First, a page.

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Russia-Ukraine War: What We Know On Day 110 Of The Invasion

Russian forces have taken most of Sievierodonetsk, where fierce street fighting continues after a fire broke out at the Azot chemical plant, where hundreds of civilians are sheltering. “The key tactical goal of the occupiers has not changed: they are pressing in Sievierodonetsk, severe fighting is ongoing there – literally for every metre,” Ukrainian president Volodymyr Zelenskiy said in his nightly video address, adding that Russia’s military was trying to deploy reserve forces to the Donbas region. Ukrainian troops reportedly remain in control of an industrial area.

Russia’s defence ministry said its cruise missiles destroyed a large depot containing US and European weapons in Ternopil in western Ukraine on Sunday. The strike destroyed a “large depot of anti-tank missile systems, portable air defence systems and shells provided to the Kyiv regime by the US and European countries”, the ministry said, a claim disputed by Ukrainian officials who said no weapons were stored there. Ternopil’s regional governor said the attack destroyed a number of residential buildings and injured 22 people, including seven women and a 12-year-old.

Russian forces destroyed a bridge connecting the embattled eastern city of Sievierodonetsk to its twin city of Lysychansk, cutting off a possible evacuation route for civilians, according to local officials. Serhiy Haidai, the governor of Luhansk province, said on Sunday that the Russian military had destroyed a bridge over the Siverskyi River that linked the two cities.

Amnesty International has accused Russia of war crimes in Ukraine’s second largest city of Kharkiv. Hundreds of civilians have been killed by indiscriminate Russian shelling using widely banned cluster munitions and inherently inaccurate rockets, the agency said in a new report published on Monday. “Russian forces launched a relentless campaign of indiscriminate bombardments against Kharkiv. They shelled residential neighbourhoods almost daily, killing and injuring hundreds of civilians and causing wholesale destruction, often using widely banned cluster munitions.”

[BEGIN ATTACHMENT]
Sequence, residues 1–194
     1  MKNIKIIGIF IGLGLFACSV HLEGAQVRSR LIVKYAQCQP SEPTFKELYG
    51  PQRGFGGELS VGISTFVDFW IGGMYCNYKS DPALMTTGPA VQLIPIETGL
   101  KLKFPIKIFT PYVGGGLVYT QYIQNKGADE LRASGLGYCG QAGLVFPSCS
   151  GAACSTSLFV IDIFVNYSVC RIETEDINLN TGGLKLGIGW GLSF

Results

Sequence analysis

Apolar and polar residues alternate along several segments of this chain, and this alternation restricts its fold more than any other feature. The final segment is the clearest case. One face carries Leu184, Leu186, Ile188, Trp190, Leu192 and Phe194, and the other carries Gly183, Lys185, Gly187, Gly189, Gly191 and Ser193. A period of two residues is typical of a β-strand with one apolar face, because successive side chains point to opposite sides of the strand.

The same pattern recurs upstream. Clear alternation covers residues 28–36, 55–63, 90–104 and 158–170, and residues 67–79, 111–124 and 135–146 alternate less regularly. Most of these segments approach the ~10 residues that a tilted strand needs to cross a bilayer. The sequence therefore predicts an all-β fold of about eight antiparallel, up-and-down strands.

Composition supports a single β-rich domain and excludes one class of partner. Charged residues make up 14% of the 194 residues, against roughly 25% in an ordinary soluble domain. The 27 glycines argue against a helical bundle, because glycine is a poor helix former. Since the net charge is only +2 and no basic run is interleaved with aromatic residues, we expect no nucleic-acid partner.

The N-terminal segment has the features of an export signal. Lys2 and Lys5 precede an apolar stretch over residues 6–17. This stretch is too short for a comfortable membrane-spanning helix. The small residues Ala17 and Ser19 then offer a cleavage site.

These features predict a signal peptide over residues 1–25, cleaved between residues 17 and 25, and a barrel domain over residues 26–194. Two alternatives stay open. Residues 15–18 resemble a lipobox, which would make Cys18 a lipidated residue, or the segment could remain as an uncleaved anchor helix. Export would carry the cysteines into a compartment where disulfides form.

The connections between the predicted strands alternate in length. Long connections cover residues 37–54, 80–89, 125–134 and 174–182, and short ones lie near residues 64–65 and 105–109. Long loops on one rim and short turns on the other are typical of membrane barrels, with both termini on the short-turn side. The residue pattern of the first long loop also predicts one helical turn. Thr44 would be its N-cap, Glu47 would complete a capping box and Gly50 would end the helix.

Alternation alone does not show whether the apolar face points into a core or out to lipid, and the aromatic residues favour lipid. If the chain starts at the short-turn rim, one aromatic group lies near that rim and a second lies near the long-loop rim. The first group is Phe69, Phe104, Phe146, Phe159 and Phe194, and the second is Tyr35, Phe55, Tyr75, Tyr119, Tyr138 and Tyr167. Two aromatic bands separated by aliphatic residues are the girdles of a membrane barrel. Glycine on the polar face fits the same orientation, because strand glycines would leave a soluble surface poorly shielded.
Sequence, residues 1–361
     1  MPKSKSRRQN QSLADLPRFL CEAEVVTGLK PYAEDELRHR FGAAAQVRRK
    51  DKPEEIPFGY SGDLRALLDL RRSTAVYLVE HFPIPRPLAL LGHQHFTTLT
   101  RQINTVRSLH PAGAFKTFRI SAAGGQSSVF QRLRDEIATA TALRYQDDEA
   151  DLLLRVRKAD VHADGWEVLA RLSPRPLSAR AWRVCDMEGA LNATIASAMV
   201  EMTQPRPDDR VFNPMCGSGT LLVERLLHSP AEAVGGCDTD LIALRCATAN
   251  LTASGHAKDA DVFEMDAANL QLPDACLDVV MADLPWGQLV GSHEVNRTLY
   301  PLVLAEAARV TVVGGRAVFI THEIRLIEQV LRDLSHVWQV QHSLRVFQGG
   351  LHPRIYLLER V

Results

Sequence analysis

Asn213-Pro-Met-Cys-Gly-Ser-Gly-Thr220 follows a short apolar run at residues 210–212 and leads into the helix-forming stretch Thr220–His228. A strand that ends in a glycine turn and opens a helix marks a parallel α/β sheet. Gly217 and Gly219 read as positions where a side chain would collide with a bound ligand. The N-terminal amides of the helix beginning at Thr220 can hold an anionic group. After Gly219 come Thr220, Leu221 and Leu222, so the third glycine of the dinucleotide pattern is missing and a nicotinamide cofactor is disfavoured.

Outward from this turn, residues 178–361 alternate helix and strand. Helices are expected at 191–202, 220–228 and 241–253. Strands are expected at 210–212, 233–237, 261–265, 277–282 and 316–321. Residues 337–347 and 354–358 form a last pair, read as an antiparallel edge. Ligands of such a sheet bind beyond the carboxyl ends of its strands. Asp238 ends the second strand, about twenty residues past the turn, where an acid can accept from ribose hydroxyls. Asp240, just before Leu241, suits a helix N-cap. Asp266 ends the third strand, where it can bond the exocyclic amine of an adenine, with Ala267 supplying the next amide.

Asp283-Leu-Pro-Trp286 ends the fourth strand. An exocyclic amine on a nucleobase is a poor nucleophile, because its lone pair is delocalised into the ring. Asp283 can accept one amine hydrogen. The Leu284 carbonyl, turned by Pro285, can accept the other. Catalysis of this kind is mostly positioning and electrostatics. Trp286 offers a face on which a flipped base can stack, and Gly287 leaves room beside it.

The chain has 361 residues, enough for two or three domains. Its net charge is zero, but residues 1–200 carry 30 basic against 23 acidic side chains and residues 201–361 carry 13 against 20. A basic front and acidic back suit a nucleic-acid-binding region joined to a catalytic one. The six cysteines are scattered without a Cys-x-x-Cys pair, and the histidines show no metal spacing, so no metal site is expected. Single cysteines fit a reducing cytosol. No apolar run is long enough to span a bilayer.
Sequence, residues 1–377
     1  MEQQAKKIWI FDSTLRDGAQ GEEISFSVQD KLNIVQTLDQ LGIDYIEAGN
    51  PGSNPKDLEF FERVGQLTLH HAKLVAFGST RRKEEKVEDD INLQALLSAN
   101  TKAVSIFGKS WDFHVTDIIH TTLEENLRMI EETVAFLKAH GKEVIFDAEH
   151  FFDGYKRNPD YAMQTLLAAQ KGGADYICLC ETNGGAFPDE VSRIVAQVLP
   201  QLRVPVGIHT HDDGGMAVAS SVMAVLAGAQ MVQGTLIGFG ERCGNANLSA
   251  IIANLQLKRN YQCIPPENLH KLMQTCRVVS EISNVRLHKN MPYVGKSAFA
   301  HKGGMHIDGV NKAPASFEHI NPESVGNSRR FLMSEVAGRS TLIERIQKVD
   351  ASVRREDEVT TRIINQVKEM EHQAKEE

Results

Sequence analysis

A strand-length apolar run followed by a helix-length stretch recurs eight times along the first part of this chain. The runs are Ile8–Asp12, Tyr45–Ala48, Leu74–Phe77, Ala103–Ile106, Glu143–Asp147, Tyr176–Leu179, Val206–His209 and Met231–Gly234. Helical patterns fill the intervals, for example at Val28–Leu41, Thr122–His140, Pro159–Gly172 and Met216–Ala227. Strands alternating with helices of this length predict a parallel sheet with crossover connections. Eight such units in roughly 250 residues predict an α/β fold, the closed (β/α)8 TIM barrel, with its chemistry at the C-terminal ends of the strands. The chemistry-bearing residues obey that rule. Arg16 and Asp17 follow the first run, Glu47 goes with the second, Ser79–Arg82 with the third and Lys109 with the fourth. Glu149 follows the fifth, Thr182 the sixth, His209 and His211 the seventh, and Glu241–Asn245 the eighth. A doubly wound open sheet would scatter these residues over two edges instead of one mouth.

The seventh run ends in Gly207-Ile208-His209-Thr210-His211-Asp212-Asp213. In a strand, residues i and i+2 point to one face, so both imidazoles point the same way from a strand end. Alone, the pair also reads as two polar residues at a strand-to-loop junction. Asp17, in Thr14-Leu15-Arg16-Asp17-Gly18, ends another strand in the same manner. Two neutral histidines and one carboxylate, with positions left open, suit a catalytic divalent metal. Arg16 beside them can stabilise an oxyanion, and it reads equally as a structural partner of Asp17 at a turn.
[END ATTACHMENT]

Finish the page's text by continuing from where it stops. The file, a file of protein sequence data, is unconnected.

Security concerns raised by Turkey in its opposition to Finland’s and Sweden’s Nato membership applications are legitimate, Nato secretary general Jens Stoltenberg said. “These are legitimate concerns. This is about terrorism, it’s about weapons exports,” Stoltenberg told a news conference in Finland on Sunday.

The bodies of many Ukrainian fighters killed during the siege of the Azovstal steelworks in the southern city of Mariupol are still awaiting retrieval, the former commander of Ukraine’s Azov National Guard regiment said on Sunday.

A former British soldier has died fighting Russian forces in Sievierodonetsk. The British Foreign Office confirmed Jordan Gatley was shot and killed in Ukraine. He left the British army in March “to continue his career as a soldier in other areas” and had been helping Ukrainian troops defend their country against Russia, his father, Dean, wrote in a statement posted on Facebook.

Friends and family of Brahim Saadoun – the 21-year-old Moroccan sentenced to death alongside two Britons last week – have called for his freedom, telling the Guardian he was an active-duty marine and not a mercenary, as claimed by Russian media and pro-Russia officials in eastern Ukraine who announced the sentence.

Turkish president Recep Tayyip Erdoğan announced on Sunday the possibility of new talks with Russian president Vladimir Putin and Ukrainian president Volodymyr Zelenskiy. “Perhaps in the next week, we will talk about what steps we will take, by holding talks with both Mr Putin and Zelenskiy,” he said in regards to solutions for impeded exports as a result of the war.

The global nuclear arsenal is expected to grow in the coming years for the first time since the cold war, and the risk of such weapons being used is the greatest in decades, a leading conflict and armaments thinktank said. Russia’s invasion of Ukraine and western support for Kyiv has heightened tensions among the world’s nine nuclear-armed states, according to the Stockholm International Peace Research Institute.

Ukraine has established two routes through Poland and Romania to export grain and avert a global food crisis, although bottlenecks have slowed the supply chain, Kyiv’s deputy foreign minister said on Sunday.

Global trade ministers gathered to tackle food security threatened by Russia’s invasion of Ukraine at a World Trade Organization meeting on Sunday. Ministers are expected to agree on a joint declaration on strengthening food security in which they will “commit to take concrete steps to facilitate trade and improve the functioning and longterm resilience of global markets for food and agriculture”.

European Commission president Ursula von der Leyen called for the need to strengthen anti-corruption laws in Ukraine. After meeting with Zelenskiy, von der Leyen said: “There still needs to be reforms implemented, to fight corruption for example, or to modernise the administration, which will also help attract investors.”

The British defence company QinetiQ will supply Ukraine with 10 Talon sapper robots for de-mining purposes, Ukrainian authorities announced on Sunday. The first deputy head of Ukraine’s patrol police, Oleksiy Biloshitsky, said: “Talon will be deployed to de-mine Ukraine. This is a sapper robot that not only locates ‘gifts’ but also neutralises them. Before the war we had already had more than a dozen of them, now QinetiQ will deliver 10 more.”

McDonald’s restaurants opened their doors in Moscow under new Russian ownership and a new name, Vkusno & Tochka, which translates to “Tasty and that’s it”. The reopenings took place on Russia Day, a holiday celebrating national pride.

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